PR Practice #7: Reputation Task Force Member Chart of Responsibilities

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The day you started in communications was the day you became a member of the ethics committee and you joined the brand police force.  In public relations, it’s your job to uphold the integrity of the brand and ensure the messaging is consistent and remains intact across all communications channels.  Now, with social media, your messages go further and you cast a wider net; your company is automatically in the center of public conversations and in the critical eye of the consumer.  In my book, Social Media and Public Relations: Eight New Practices for the PR Professional, PR Practice #7 focuses on how PR professionals must concentrate more on reputation by building a human face, daily monitoring and more brand education for themselves and their peers.

Today’s post is a part of the “edited” or “cut” chart series, which includes the Reputation Task Force Member’s Chart of Responsibilities.  Even though you’ve always had the reputation of your brand front and center, social media increases your need to take a proactive approach on many fronts. Whether you realized it or not, being in the PR or communications means you an important part of an organically growing task force.

I mentioned in my book how, “The Reputation Task Force Member is a natural position for the PR person who usually is immersed in the negative communications issues, the crisis situations or the damaged reputation …  PR professionals also have the knowledge and skills to minimize or neutralize the critical issues or concerns.”  You can see in the chart of responsibilities how human and transparent communication, increased brand education, a proactive approach to reputation and continued task force growth lead to communications success.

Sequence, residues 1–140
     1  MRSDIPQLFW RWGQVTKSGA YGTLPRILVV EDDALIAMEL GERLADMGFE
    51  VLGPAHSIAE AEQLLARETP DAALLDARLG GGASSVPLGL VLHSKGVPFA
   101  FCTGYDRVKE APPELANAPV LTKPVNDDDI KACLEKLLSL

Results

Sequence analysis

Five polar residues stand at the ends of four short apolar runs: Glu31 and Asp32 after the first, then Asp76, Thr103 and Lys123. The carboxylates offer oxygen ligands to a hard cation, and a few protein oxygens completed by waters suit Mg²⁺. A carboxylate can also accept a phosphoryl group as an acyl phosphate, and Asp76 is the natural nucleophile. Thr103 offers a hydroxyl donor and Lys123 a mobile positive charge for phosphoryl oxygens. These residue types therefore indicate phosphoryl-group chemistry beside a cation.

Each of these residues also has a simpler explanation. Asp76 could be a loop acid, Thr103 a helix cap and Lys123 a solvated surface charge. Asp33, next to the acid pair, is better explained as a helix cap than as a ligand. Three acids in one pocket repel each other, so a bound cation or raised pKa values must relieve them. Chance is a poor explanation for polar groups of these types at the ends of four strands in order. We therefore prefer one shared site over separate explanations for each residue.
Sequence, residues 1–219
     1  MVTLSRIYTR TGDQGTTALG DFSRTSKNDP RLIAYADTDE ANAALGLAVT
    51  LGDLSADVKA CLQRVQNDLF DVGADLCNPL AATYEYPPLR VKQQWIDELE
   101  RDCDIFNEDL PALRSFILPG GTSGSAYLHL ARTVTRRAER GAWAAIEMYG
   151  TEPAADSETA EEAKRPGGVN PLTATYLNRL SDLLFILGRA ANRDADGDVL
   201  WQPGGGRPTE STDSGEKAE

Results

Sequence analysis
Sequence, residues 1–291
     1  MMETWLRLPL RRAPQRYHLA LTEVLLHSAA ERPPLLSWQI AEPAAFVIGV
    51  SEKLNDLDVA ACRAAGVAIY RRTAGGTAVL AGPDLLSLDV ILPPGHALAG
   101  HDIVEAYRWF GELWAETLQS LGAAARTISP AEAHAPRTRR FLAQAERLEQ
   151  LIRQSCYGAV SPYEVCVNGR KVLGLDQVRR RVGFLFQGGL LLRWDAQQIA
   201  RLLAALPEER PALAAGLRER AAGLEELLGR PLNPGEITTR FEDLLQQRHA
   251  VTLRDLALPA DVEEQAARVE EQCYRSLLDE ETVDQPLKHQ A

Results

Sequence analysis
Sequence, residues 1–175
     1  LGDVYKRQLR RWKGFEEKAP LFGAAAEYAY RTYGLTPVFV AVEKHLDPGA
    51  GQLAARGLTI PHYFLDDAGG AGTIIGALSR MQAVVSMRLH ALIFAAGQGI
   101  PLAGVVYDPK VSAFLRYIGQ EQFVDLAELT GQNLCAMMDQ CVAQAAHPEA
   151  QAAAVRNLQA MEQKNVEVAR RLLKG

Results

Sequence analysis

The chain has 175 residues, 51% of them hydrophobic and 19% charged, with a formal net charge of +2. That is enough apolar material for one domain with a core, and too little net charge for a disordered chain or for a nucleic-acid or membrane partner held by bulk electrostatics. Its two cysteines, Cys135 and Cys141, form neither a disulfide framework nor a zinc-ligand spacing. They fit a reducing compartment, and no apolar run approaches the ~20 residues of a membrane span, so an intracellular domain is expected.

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Here’s how the responsibilities break down in your new practice:

Build a Human Face

Proactively protecting a reputation starts with the human face of the company. Anyone who has said social media requires transparency and open communication is 100% correct.  People relate to people. We are social beings who want to connect and engage with other people in different ways.  Your ability to interact and build strong relationships may directly correlate to the transparency and human side you show.  Remember, consumers want to talk to people and not to logos.

Teach Brand Core Values

If you’re not directly involved in the creation of the brand communication guidelines, then you need to get involved! It’s really interesting to note that when an organization develops its brand style guidelines, there are areas dedicated to the communication and messaging, including voice, style and tone. Too often, PR people are not involved in the process.  This is right up the PR person’s alley, as we are responsible for responding to the public through a variety of channels, whether it’s via the media or now directly to customers in our social networks.

Develop a Sentiment Monitoring Program